He received the B.E. degree in chemistry from Osaka University, in 1979 and the M.E., and Ph.D. degrees in chemistry from Kyoto University, Kyoto, Japan, in 1981, and 1984, respectively.  From 1984 to 1986, he was a Postdoctoral Research Associate in Department of Physics and Astronomy, University of Pennsylvania, PA.  From 1986-1987, he was a Researcher in Matsushita Electronics Corporation Kyoto Research Center, Kyoto, Japan where he was engaged in LSI wiring and gate oxide technology.  From 1987 to 1990, he was a Research Associate in Department of Chemistry, Faculty of Engineering Science, Osaka University where he was engaged in research on silicon solar cells, surface and interface science of silicon, and low temperature silicon oxidation.  From 1990 to 1998, he was an Associate Professor in Department of Chemistry, Faculty of Engineering Science, Osaka University.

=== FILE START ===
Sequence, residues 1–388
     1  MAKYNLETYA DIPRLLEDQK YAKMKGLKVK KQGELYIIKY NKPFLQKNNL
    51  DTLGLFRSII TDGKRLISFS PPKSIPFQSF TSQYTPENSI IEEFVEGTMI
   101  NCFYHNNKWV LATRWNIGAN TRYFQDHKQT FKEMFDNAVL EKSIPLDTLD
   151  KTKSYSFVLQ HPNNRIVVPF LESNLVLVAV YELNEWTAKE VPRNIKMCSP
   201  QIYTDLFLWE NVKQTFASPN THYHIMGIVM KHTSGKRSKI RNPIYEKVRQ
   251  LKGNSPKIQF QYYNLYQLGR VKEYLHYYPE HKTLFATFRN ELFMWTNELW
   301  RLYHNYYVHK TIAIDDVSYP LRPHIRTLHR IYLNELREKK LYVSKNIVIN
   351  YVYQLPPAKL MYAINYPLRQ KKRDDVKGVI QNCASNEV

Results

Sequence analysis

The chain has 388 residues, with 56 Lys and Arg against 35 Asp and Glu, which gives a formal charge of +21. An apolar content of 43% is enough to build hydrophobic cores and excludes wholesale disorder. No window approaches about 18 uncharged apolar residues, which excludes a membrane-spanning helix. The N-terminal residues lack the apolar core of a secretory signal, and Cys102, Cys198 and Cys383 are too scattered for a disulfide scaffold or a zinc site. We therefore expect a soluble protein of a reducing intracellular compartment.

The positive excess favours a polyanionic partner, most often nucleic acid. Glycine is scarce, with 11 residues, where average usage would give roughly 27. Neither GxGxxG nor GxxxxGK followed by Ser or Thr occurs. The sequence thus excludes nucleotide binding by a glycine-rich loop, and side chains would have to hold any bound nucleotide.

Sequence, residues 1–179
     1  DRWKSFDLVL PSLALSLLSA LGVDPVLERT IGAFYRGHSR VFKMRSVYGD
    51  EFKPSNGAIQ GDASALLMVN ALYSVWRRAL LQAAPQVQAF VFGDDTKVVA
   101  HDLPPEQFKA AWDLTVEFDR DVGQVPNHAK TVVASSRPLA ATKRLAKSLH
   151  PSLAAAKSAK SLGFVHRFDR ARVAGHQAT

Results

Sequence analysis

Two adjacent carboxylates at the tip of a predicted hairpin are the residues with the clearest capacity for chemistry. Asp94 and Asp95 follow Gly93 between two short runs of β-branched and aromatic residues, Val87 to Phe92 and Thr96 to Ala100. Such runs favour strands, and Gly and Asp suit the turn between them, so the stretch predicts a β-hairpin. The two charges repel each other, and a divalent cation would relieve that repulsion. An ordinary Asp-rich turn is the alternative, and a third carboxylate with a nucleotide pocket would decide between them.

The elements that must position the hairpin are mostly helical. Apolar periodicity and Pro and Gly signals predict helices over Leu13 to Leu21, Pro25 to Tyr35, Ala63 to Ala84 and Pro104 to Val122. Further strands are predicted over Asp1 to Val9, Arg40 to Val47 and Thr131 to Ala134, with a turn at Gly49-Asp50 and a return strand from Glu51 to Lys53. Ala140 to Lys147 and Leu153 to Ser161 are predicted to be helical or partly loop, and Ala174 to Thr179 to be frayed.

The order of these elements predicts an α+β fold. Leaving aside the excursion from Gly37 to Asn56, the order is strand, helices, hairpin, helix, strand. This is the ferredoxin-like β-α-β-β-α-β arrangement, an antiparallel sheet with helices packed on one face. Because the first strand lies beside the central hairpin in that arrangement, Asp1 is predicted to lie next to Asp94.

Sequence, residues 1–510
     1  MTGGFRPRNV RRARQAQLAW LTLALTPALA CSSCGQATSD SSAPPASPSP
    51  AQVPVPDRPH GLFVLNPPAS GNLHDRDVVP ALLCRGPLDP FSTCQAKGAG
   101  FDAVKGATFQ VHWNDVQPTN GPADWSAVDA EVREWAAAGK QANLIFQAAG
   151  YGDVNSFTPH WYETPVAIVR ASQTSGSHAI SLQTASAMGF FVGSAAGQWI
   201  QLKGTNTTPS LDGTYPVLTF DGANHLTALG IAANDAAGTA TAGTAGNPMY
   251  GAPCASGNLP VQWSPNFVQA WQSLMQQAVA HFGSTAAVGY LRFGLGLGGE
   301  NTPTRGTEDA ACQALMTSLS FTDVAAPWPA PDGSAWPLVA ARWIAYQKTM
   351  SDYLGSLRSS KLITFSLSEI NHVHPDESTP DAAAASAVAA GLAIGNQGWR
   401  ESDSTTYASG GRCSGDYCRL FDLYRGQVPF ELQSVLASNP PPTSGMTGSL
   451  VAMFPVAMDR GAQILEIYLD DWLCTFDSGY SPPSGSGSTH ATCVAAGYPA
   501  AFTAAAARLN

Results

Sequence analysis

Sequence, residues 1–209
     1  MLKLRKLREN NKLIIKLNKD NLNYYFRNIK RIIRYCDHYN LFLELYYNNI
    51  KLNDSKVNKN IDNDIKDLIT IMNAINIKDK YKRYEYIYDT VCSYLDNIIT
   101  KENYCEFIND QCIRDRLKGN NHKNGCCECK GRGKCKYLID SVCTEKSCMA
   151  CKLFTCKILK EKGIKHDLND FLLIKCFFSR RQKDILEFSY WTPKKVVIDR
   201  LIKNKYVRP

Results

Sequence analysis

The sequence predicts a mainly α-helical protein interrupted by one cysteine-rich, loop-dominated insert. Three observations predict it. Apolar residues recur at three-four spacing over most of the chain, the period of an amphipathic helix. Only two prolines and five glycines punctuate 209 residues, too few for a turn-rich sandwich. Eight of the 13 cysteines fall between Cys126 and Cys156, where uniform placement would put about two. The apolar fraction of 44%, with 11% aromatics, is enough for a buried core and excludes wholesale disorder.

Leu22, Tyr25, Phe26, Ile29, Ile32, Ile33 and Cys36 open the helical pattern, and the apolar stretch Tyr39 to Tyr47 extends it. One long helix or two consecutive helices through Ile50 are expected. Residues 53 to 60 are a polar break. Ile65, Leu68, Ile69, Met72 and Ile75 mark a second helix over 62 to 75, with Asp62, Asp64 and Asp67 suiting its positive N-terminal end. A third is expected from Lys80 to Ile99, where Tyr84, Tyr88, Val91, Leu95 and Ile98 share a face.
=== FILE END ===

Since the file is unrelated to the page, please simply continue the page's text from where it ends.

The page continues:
Reference

M. Maeda, T. Matsumoto, H. Kobayashi. Photoluminescence from vibrational excited-states for organic molecules adsorbed on Si nanoparticles. Phys.Chem.Chem.Phys., 2017, 19, 21856